Julie: Well, trying to figure out what a reasonable price was to develop an app and finding an app developer took a lot of work, especially since we were both naive to the tech world. We found developers we were comfortable using who are located overseas. The developers are great, but the time zone difference presented a communication challenge - meaning we constantly needed to be awake and accessible at odd hours to give feedback while our developers were still at the office. Working full-time jobs in healthcare, we already feel like we are both fighting the clock, so it was challenging to balance everything.
Danielle: On a more personal note, learning how to navigate a relationship that held space for both business partners and best friends was something that could be tricky at times. It took some time to establish ways to separate Fourplay from our friendship, but I think we’ve successfully proven that it can be done.
Best advice you’ve received?
Danielle: To be genuine, to be ourselves. We were taught early on that it’s important for a good horse to have a good jockey, because a bad jockey could run an incredible horse into the ground. That has really stuck with us when establishing professional relationships and network connections. Sometimes it’s important to drop the formality in favor of being authentic like the fearless founders we are.
Julie: I also think that knowing that you don’t know is essential, so never be afraid to ask for help. This was something I was taught while studying to be a PA and it absolutely applies to Fourplay, too.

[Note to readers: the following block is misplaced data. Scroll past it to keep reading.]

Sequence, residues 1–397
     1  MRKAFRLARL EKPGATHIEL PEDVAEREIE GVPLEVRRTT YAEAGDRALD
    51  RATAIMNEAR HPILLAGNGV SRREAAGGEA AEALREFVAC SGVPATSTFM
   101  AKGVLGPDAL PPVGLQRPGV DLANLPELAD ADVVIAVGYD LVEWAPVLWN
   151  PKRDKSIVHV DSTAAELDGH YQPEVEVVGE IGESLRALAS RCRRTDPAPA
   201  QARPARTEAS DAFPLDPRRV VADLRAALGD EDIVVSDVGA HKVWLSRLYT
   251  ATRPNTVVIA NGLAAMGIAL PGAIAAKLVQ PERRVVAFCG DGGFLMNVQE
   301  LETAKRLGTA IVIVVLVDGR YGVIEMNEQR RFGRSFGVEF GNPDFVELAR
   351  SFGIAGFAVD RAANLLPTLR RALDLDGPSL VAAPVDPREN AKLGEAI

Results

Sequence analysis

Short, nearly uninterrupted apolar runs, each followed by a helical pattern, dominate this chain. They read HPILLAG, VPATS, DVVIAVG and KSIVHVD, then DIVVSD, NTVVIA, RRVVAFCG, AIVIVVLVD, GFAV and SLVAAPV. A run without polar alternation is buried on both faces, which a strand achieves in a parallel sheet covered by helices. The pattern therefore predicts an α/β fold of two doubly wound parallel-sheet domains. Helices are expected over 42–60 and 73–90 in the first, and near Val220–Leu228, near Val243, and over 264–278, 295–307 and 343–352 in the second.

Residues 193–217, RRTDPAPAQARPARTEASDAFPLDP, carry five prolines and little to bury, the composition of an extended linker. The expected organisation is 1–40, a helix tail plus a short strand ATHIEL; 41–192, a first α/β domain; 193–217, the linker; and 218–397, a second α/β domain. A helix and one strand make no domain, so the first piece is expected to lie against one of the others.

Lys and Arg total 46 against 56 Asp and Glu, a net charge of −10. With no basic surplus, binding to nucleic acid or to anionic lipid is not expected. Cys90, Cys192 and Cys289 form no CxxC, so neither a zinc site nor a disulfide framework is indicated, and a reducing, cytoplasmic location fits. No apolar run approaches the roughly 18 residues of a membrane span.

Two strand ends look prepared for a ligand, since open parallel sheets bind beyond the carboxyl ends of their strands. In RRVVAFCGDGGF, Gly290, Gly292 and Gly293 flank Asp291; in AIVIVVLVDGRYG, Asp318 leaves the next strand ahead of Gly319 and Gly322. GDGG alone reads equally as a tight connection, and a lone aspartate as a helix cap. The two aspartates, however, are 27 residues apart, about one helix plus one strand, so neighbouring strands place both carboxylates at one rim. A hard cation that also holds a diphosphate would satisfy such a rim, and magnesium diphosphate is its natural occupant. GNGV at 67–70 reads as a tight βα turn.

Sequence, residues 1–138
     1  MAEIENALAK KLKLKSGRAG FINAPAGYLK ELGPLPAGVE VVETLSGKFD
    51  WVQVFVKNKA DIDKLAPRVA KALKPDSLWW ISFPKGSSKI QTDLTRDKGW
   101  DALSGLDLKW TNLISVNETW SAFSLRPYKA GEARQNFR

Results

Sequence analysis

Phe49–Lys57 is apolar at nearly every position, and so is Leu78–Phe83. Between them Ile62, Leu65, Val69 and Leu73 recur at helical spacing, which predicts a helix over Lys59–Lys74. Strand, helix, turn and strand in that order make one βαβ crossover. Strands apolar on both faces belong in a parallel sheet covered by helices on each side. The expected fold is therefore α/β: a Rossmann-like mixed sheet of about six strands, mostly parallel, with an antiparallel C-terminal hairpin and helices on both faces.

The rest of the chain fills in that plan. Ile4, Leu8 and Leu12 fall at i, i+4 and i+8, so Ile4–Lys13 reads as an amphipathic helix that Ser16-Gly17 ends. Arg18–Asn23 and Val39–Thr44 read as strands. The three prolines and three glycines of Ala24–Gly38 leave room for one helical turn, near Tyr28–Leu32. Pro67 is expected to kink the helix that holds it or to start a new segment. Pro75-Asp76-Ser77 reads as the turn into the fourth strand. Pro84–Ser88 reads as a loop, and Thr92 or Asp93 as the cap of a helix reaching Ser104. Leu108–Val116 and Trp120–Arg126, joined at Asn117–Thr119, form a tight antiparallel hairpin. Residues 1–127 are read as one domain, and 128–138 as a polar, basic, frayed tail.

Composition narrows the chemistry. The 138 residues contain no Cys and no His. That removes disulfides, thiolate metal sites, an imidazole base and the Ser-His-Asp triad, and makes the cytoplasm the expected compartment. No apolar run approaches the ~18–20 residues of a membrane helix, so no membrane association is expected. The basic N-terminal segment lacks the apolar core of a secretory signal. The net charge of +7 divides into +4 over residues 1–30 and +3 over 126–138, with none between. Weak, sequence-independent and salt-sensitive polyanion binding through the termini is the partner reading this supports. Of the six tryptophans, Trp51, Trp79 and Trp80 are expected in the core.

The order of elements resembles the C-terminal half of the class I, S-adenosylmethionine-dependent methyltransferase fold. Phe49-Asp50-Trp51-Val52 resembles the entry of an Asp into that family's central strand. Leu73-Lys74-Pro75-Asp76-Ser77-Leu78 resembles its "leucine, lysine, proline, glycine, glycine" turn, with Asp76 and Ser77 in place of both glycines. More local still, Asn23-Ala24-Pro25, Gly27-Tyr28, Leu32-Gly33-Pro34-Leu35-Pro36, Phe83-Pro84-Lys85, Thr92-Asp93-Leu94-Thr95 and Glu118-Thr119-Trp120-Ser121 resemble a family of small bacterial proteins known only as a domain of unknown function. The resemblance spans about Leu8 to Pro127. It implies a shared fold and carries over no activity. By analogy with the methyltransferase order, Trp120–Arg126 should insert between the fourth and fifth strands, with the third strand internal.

What does Support Your Local Girl Gang mean to you?
Danielle: It means making women feel like they don’t have to fit into a box (or dress). It means supporting them when they do something for themselves because it is intrinsically motivating, and not because they will get external validation from society.
Julie: It means fostering an environment where failing is celebrated because it means that there was an attempt in the first place - because we women know about the paradox of that first step and how moving toward what actually makes you happy can be both exhilarating and paralyzing at the same time.
Favorite books, podcasts, tools, and or apps:
Danielle: The Entreprenista Podcast, and Superwomen with Rebecca Minkoff. Obviously, How I Built This. Does anyone NOT say that?
Julie: Anything by Betches Media. I have a real appreciation for what they’ve built. And Shark Tank actually taught us a great lesson about user acquisition and the importance of density over quantity when it comes to a dating app. Thank you, Mr. Wonderful!
Danielle: We’ve gotten really into Instagram and love using that platform to get the word out about Fourplay, connecting with people, having fun with memes, stuff like that, so as far as tools go we’re big fans of Canva and Bazaart. Photopea is also a great open source alternative to Photoshop if you’re on a budget and looking to bootstrap it like us.
Julie: Some of my favorite books are #GIRLBOSS by Sophia Amoruso, The Alchemist by Paulo Coelho, and anything by Malcolm Gladwell.
Danielle: A business book I would recommend is The Glitter Plan by the Cofounders of Juicy Couture, and for pleasure I would say She’s Come Undone by Wally Lamb, and Educated by Tara Westover.